If Only Frances Ryan – Or The Guardian – Knew Anything About Economics

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That some people have differing views than us capitalist pig dogs is fine, just fine. We are, after all, the liberals around here, freedom and liberty mean that people do indeed have the right to disagree with us. But it is views, morals, desires, which are free to choose, not the basic facts about the universe. You know, those facts which are sacred rather than the comment which is free?

Which brings us to The Guardian, its columnists, and our exemplar for the day, Frances Ryan. To argue, as she does, that the likes of you and me must stump up much more to be sent to the likes of her, well, liberty etc. But we do need to be insisting upon the facts:

Economic downturns, by definition, hit poor and disabled people hardest, while those with the greatest wealth enjoy the profits.

That’s not actually true. In fact, it’s the opposite of the truth. We will do Ms. Ryan a favour and assume that she gets this so entirely, 180 degrees, wrong from ignorance rather than malice but that’s as far as we’re willing to go in excusing it. We’d sorta hope that The Guardian’s editors include someone or other who is sufficiently numerate to spot the error but then don’t we so often hope in vain?

This isn’t quite GDP accounting but it’s close. Divide incomes – incomes being 100% of GDP of course, as any fule kno – into that standard GDP set. Capital share, labour share, mixed income (essentially, but not completely, self employed income like that of Ms Ryan and myself) and subsidies to production and taxes on consumption. Of these it is the capital share then the mixed income which vary the most over the business cycle. Labour income varies *less* over the peaks and troughs of booms and recessions. Now add the one more thing. Benefits income varies less than any of them. This is why we so delight in the automatic stabilisers beloved of Keynesian economics in those slumps.

Think it through. Recessions mean a smaller economy – that’s the definition, that GDP falls for two or more consecutive quarters. GDP is the sum of all incomes. So, aggregate income falls in a recession, this is definitional. Benefits don’t fall in a recession. Thus benefits rise as a portion of all incomes in a recession.

No, don’t go there. You can’t start shouting about austerity. That’s a Tory government doing that (we’ll not have the argument here about how government spending hasn’t actually fallen). There’s nothing inherent in a recession or economic down turn that means cutting benefits. Which is, of course, an argument The Guardian often puts forward. That they shouldn’t have been cut recently. This means that if they shouldn’t have been cut because recession therefore it’s not necessary for them to be cut because recession. It ain’t the recession that cut benefits, it’s Tories. QED.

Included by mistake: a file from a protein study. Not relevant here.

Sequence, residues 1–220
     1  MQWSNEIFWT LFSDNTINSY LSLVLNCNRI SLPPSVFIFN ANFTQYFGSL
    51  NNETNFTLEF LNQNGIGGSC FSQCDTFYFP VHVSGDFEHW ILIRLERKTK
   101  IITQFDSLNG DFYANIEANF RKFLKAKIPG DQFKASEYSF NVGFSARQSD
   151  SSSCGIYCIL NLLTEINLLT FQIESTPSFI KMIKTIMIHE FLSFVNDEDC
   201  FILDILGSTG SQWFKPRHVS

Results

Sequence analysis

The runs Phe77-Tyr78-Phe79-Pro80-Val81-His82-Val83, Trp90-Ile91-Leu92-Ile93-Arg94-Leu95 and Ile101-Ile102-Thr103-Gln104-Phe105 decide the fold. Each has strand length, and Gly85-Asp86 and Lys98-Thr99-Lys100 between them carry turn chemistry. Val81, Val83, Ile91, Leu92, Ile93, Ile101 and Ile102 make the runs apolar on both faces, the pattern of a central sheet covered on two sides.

Richer people gain a greater part of the capital share of the economy than do poorer. Obviously – profits go to the capitalist fatcats who sit atop the economy. Profits fall more than other incomes in a recession, both fall more than benefits, plutocratic pigdogs gain more of their income from profits and the lumpenproletariat from benefits. It’s the rich hit hardest by recessions and economic downturns.

This is why the Gini index, measuring inequality, falls in recessions. This is why measures of relative poverty fall in recessions.

So much for theory. How well does this accord with reality? Fortunately the Office for National Statistics keeps the numbers for us here:

Note how poor incomes rise, rich fall, in a recession

 

That is, Frances Ryan is entirely clueless of the effects of recessions, economic downturns, on the income distribution. But then you know, Guardian columnist.

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Economic downturns, by definition, hit poor and disabled people hardest, while those with the greatest wealth enjoy the profits. The latter half of this sentence is, as you point out, complete nonsense as profits tend to fall in an economic downturn. The first half of the sentence is debatable, however. It is true that in the last recession, for example, the income of the richest fell most. In that sense Frances Ryan was wrong. However, it is also true that if you have a top decile high income and it falls by (say) 25% then the impact it will have… Read more »